Friday, December 02, 2005

DANCE FOR A DIAMOND - how a story was born

The popularity of the current TV series Strictly Come Dancing shows just how much we enjoy dancing, and as I watched the dancers gliding round the floor during the first series I started thinking about the origins of the waltz. Today waltzing is considered very tame, but it wasn’t always so.

At the end of the eighteenth century there were more revolutions going on in Europe than the bloody one in France. Attitudes were definitely changing, but until the early 1800s dancing for the English gentry and upper classes was restricted to the country dances and formal courtly processions, with no more than handholding between the sexes. Think of the scandal then when the waltz hit town. Suddenly the man and woman were embracing on the dance floor, spinning round the floor breast to breast. Is it any wonder that society tried to keep such indecent behaviour out of the ballrooms?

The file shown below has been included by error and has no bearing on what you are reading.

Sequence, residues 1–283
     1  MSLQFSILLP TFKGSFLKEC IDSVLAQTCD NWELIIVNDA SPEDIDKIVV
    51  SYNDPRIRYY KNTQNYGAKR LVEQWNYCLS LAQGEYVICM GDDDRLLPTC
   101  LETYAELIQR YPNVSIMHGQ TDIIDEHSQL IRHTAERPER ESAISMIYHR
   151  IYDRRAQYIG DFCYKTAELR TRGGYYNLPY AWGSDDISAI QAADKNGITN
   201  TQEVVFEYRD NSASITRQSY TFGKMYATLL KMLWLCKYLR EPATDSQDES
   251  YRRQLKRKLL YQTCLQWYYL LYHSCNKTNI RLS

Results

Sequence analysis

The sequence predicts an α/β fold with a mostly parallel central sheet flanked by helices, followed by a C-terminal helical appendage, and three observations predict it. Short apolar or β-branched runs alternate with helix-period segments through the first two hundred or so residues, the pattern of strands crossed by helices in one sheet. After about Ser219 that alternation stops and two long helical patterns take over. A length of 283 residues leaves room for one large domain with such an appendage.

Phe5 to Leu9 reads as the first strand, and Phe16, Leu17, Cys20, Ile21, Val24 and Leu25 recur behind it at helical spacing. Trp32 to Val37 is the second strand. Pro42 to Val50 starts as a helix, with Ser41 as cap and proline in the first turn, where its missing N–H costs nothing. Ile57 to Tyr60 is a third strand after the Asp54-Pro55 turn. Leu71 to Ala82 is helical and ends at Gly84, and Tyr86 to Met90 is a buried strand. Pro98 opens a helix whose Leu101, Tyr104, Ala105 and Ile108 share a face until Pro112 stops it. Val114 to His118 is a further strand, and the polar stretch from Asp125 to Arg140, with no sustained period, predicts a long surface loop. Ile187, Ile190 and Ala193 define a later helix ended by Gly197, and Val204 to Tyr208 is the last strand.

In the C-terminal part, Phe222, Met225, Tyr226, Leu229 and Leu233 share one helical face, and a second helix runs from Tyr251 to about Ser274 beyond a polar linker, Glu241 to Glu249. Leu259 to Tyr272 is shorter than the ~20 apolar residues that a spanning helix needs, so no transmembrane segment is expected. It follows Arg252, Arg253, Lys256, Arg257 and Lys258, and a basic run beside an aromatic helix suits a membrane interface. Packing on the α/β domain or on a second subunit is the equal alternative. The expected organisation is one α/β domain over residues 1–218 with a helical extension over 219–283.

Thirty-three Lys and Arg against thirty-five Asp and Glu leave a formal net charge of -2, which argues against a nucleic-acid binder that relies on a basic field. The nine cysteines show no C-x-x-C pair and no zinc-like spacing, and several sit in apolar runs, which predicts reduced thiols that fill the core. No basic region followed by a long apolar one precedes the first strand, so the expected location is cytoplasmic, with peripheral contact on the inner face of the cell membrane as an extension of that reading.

The origins of the waltz are obscure. Some sources claim it comes from the Italian Dance the volta (which had been danced at the court of Queen Elizabeth) others from the German folk-dance the Landler. It made its appearance at Almack’s in 1812 but was not universally accepted, and as late as 1816 the Times was protesting against the “voluptuous intertwining of the limbs.”

This started a train of thought for me, beginning with a young woman who sets up her own dancing school in a bid for independence. Thus Antonia Venn was born. Of course every young lady aspiring to join the fashionable world would want to learn the waltz, so into Miss Venn’s academy comes the lively Isabella Burstock. Antonia’s efforts to keep Isabella’s high spirits in check naturally bring her into conflict with her autocratic half-brother, Sir Laurence Oakford.

As the story developed, I realised that it was following the early form of the waltz, which began with a slow movement, “la Marche”, followed by the quicker “Sauteuse” and ending with the “Jetté”, an energetic third movement.

So when you hear people decrying modern dance as disgusting or immoral, you might like to remind them that it’s all been said before.

Melinda Hammond

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